Feb 2, 2018

Peter Thiel's VC firm backs HQ Trivia's funding round

HQ host Scott Rogowsky. Photo: Santiago Felipe / Getty Images

HQ, the popular live trivia app, has raised $15 million at a valuation of more than $100 million in a new funding round from Founders Fund, the venture capital firm co-founded by Peter Thiel, according to Recode.

The nitty-gritty: The app, which recently began regularly surpassing more than a million players, had difficulty finding funding after Recode reported last year on the "alleged bad behavior" of its co-founders, Rus Yusupov and Colin Kroll. The pair, who also co-founded the video app Vine and moved to Twitter following its acquisition, faced reports of poor management and "creepy behavior" during their stint at the social media giant.

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Kenan Thompson and Hasan Minhaj to headline White House Correspondents' Dinner

Kenan Thompson on "SNL" in 2018. Photo: Rosalind O'Connor/NBC via Getty Images

Kenan Thompson, the longest-tenured "Saturday Night Live" cast member, will host the White House Correspondents' Association dinner on April 25.

And Hasan Minhaj — host of Netflix’s "Patriot Act with Hasan Minhaj," and the entertainer at the 2017 dinner — will return as featured entertainer.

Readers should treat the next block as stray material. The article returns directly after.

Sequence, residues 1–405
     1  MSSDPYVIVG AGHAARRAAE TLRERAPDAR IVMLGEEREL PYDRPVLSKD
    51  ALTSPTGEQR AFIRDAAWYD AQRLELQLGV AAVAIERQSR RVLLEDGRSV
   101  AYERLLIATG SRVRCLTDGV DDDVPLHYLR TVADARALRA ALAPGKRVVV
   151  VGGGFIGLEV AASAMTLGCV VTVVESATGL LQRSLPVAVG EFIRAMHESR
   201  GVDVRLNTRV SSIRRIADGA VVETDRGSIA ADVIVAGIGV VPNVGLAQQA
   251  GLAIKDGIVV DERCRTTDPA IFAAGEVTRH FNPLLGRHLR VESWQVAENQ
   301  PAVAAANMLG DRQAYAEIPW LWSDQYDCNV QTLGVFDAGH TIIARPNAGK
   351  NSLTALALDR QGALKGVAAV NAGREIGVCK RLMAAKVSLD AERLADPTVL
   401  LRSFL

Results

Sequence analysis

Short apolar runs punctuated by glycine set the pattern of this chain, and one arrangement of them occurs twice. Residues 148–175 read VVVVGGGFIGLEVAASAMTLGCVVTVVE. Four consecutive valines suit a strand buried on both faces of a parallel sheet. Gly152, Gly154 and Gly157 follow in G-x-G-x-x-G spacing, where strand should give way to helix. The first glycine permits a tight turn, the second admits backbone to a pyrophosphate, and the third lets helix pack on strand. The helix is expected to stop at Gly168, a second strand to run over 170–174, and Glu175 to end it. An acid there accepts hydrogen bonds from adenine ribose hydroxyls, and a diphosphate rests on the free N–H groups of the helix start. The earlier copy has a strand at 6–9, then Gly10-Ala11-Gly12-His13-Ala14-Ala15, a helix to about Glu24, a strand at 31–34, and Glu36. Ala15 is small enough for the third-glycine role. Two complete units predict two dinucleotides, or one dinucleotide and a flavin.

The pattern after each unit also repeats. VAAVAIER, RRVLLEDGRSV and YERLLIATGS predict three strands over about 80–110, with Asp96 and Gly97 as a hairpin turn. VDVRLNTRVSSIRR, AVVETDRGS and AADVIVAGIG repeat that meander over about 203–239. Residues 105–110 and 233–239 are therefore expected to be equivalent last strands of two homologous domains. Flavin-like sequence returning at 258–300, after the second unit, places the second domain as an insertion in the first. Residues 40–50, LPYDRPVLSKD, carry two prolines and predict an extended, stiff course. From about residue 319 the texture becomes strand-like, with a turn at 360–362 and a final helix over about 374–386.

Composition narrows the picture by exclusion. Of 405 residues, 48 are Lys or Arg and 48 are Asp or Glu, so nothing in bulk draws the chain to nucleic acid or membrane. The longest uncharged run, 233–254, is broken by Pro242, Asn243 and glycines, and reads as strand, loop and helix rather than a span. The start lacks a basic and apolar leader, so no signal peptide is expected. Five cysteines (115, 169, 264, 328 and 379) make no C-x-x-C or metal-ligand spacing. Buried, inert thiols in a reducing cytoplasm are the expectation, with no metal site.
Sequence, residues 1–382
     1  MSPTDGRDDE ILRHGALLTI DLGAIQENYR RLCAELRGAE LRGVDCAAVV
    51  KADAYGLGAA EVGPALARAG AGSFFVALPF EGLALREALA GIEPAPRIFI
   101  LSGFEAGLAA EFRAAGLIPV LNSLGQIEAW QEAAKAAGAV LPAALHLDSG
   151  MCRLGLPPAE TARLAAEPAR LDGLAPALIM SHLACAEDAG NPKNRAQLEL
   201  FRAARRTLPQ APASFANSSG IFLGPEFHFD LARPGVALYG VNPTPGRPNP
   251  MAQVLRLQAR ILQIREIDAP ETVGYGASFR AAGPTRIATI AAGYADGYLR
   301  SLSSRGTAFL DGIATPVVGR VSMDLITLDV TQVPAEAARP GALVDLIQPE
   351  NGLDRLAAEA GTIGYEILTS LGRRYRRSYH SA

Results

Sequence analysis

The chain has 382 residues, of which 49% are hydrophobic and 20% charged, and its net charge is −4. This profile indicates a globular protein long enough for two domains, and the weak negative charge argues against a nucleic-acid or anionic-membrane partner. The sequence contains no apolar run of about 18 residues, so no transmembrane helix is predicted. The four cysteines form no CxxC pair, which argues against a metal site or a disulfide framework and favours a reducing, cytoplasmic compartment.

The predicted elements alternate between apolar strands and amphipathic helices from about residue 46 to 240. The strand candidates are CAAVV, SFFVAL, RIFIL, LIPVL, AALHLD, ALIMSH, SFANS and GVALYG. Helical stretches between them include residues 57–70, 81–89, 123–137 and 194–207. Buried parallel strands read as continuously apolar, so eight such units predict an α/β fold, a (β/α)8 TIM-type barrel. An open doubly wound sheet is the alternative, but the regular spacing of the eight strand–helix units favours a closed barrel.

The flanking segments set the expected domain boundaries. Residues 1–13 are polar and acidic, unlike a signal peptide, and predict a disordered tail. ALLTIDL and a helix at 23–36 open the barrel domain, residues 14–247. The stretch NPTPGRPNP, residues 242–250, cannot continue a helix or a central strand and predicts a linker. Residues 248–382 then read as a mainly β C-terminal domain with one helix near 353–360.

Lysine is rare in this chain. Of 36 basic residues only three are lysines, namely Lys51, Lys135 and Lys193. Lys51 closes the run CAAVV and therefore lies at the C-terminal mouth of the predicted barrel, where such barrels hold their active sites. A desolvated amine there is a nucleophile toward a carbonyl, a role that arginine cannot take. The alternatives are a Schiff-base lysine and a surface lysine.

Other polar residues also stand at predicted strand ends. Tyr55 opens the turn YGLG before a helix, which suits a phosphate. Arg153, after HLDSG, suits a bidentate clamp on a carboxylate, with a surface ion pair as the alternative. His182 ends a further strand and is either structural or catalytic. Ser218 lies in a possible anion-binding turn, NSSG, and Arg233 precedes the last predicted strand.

"Billions": Season 2020

Mike Bloomberg speaks at Hardywood Park Craft Brewery in Richmond, Va., on Saturday. Photo: James H. Wallace/Richmond Times-Dispatch via AP

Money alone can’t buy a presidential election, but it surely gets you VIP access.

Why it matters: Billionaire Michael Bloomberg is duking it out with Billionaire Donald Trump, often on Billionaire Jack Dorsey’s Twitter and in ads on Billionaire Mark Zuckerberg’s Facebook, all chronicled in Billionaire Jeff Bezos’ Washington Post. 

Biometrics invade banking and retail

Illustration: Eniola Odetunde/Axios

Banks have been quietly rolling out biometrics to identify customers — verifying them by their fingerprint, voice or eye scan — and retailers like Amazon are getting into the game.

Why it matters: These companies are amassing giant databases of our most personal information — including our gait, how we hold our cellphones, our typing patterns — that raise knotty questions about data security and privacy.